Monoskop recently posted a scan of El Lissitzky and Hans [Jean] Arp’s Kunstismen (1924), translated roughly as The “Isms” of Art. It is reproduced here in its entirety, page by page, or in full-text pdf format.
The original text runs in three parallel columns separated by thick dividers, very much in a constructivist style. Each column is in a different language: first German, then French, then English. Originally, I was planning on pasting the text from these in the body of the post. But I decided against it because, upon further examination, the translations are simply awful. German might have been a natural second language for Lissitzky; French and English were clearly not his strong points.
So instead, I’m posting an article that came out shortly afterward by the Hungarian art critic Ernő [sometimes Germanized as Ernst] Kállai, translated by John Bátki. Kállai’s work is not well known in the Anglophone world, though I did rely on one of his articles fairly extensively in an article on architectural photography. Here he summarizes the rapid succession of “isms” in art from 1914-1924 and astutely observes that this period ferment was then drawing to a close.
The twilight of ideologies
Ernő [Ernst] Kállai
365 (April 20, 1925)
Translated from the original Hungarian by John Bátki.
Between Two Worlds: Central European Avant-Gardes,
1910-1930. (The MIT Press. Cambridge, MA: 2002).
Kunst kommt von Können. [Art comes from ability.]
The saying is very old and a commonplace, and has even acquired some ill repute; still, it is high time we pay heed to it and, more important, put it to use.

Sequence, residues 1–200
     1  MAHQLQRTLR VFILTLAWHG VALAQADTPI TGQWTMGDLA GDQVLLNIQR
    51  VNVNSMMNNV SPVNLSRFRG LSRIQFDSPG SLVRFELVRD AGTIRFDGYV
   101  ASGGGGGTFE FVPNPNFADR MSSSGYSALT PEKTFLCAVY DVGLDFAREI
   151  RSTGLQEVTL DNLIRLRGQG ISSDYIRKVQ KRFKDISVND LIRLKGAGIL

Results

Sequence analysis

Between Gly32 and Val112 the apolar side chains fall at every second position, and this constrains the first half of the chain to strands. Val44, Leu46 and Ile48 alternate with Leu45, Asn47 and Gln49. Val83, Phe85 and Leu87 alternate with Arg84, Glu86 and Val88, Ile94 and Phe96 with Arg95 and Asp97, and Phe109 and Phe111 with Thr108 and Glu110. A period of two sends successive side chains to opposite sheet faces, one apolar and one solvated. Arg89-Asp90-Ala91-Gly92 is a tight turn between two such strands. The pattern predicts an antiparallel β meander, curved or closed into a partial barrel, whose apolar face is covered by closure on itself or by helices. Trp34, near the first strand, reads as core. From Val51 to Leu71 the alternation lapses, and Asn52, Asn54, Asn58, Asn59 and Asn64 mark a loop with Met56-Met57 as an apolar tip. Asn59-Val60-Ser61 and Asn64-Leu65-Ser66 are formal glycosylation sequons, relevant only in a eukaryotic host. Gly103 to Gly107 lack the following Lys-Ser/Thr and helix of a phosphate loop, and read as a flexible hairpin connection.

The age of ferment, of “-isms,” is over. The possibilities of creative work have become endless, but at the same time all paths have become obstructed by the barbed wire barriers of ideologies and programs. It takes a man indeed to try and fight one’s way from beginning to end, across this horrible cacophony of concepts. Not that all of these theoretical skirmishes, manifestoes, and conclusions for the record were not indispensable for the evolution of ideas, or were incomprehensible. Even the wildest flights of pathos, the most doctrinaire stylistic catechisms had their own merit. It was all part of the ferment caused by Impressionism, and the infighting of the various expressive, destructive, and constructive schools.
But all of this turmoil is now finally over. Our awareness of the diverse possibilities has at last been clarified, so that today we are witnessing a time of professional consolidation and absorption in objective, expert work. This holds true for the entire front: the areas of political, tendentious art and Proletkult as well as those of Cubism, Expressionism, Constructivism, Neoclassicism, and Neorealism — and also in criticism. The most extreme, most exacting measure of individual vocation and achievement is that which is being employed by each and every school or camp toward its own. The process of selection has begun, and its sole essential guiding principle is this: what is the artist capable of accomplishing in his own field, through his own particular means and message.